14 October 2021CopyrightAlex Baldwin

P&G asks court to dismiss Febreze jingle suit

Consumer goods giant Procter & Gamble (P&G) has asked a New York court to dismiss a lawsuit,  claiming that its Febreze advert jingle is too generic to infringe on a copyrighted song.

The memorandum submitted to the US District Court for the Northern District of New York on Wednesday, October 13, argues that the complaint by singer-songwriter Cameron Cates should be dismissed for failure to state claim.

According to P&G and the jingle’s composer Jared Shlemovitz, the Febreze jingle is a “common” melody with a 3-2-1-2-1 pitch sequence in a scale-like progression.

They argue that the five-note scale that appears in Cate’s unreleased song “She Loves Her Job” does not constitute an “expression” eligible for copyright protection, featuring only a “de minimis quantum of creativity”.

P&G cites several famous songs released prior to Cate’s that employ the same melody including The Beatle’s “The Continuing Story of Bungalow bill” released in 1968 and “The Leader of the Pack” by the Shangri-Las released in 1964.

The memorandum states: “The complaint is bereft of any allegations that would make it plausible to conclude that defendants directly copied plaintiff’s subject work or even had access to plaintiff’s subject work.”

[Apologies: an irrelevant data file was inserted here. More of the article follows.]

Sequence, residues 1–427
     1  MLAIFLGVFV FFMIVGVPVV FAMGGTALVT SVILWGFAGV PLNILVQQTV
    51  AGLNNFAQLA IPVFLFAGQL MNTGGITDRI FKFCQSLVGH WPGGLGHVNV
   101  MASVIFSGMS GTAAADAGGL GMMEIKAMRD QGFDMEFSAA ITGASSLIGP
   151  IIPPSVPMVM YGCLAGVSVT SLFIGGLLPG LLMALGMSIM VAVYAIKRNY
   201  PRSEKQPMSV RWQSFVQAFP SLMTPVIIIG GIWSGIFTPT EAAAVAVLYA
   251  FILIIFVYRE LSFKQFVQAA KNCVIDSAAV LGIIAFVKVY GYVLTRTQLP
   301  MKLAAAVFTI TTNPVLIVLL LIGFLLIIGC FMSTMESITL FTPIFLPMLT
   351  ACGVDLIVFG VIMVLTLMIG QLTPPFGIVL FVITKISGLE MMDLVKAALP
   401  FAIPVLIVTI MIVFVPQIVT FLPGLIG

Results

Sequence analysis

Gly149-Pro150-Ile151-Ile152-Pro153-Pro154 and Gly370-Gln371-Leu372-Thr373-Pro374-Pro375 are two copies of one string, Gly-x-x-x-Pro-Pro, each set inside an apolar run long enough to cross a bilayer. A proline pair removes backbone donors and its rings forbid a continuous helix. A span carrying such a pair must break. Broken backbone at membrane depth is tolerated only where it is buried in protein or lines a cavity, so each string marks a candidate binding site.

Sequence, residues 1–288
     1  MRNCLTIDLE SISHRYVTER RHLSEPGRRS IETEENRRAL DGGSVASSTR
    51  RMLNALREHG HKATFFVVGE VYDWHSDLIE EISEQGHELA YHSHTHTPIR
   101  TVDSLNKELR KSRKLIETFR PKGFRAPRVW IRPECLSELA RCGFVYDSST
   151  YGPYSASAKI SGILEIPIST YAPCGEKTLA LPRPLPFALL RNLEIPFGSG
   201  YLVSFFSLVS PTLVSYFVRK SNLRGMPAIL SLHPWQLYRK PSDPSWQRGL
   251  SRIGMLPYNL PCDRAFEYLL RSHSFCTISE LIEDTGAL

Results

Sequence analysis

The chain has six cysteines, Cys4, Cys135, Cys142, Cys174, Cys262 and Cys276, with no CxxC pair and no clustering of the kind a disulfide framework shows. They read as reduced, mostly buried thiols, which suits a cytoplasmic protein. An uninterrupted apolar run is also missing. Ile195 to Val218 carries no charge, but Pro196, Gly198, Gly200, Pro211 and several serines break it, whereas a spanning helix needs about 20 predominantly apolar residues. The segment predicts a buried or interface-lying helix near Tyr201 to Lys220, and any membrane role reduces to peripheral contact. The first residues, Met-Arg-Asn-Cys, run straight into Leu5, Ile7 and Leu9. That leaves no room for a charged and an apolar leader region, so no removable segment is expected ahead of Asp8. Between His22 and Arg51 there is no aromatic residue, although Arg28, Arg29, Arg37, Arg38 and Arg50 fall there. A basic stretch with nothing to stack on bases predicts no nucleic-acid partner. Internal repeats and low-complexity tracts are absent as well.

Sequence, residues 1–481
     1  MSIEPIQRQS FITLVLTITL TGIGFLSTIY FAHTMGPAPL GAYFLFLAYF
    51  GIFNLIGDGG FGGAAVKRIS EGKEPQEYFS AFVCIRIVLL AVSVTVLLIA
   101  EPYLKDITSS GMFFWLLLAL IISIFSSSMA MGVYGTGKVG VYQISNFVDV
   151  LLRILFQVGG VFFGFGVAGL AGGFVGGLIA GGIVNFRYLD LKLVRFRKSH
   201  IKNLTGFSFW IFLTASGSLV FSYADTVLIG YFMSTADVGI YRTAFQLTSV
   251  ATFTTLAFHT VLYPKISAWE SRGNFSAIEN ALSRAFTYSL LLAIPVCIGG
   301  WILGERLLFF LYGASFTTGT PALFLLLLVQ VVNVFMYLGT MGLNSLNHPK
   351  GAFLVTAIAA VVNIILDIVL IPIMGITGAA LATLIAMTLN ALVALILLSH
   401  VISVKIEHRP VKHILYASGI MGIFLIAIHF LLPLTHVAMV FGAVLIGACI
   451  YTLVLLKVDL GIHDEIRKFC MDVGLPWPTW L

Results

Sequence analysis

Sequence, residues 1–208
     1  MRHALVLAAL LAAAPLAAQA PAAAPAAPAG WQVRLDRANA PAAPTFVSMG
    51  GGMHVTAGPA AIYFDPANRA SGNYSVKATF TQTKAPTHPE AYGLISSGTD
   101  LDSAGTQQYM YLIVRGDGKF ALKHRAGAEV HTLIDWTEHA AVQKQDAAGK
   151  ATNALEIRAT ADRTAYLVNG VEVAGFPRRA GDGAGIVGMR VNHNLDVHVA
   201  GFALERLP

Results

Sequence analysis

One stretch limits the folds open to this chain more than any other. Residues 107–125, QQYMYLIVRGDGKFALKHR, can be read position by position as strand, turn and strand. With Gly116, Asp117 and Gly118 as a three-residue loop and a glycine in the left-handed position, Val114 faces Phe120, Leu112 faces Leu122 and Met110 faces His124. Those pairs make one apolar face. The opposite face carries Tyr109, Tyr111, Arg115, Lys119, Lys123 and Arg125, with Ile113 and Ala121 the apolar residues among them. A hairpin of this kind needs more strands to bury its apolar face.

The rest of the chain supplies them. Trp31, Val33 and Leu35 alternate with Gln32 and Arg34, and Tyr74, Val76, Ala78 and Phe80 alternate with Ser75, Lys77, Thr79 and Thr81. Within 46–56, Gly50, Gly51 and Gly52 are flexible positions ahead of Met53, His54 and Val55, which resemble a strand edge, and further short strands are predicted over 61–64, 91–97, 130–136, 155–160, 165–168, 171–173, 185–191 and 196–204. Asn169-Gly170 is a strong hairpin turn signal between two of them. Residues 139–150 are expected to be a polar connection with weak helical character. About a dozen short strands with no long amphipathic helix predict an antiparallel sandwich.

“It is well settled that the basic building blocks of music and common phrases like the subject work are not, on their own, protectable.”

According to the original complaint, Cate’s song “She Loves Her Job” was recorded in late 1982, featuring the five-note hook that comprises a “substantial portion” of the song. The song was registered with the US Copyright Office in 1983.

In the original complaint, Cate also claims that a Febreze album called “The Freshness” released on Soundcloud infringes on his song, with each of the eight tracks containing the infringing jungle.

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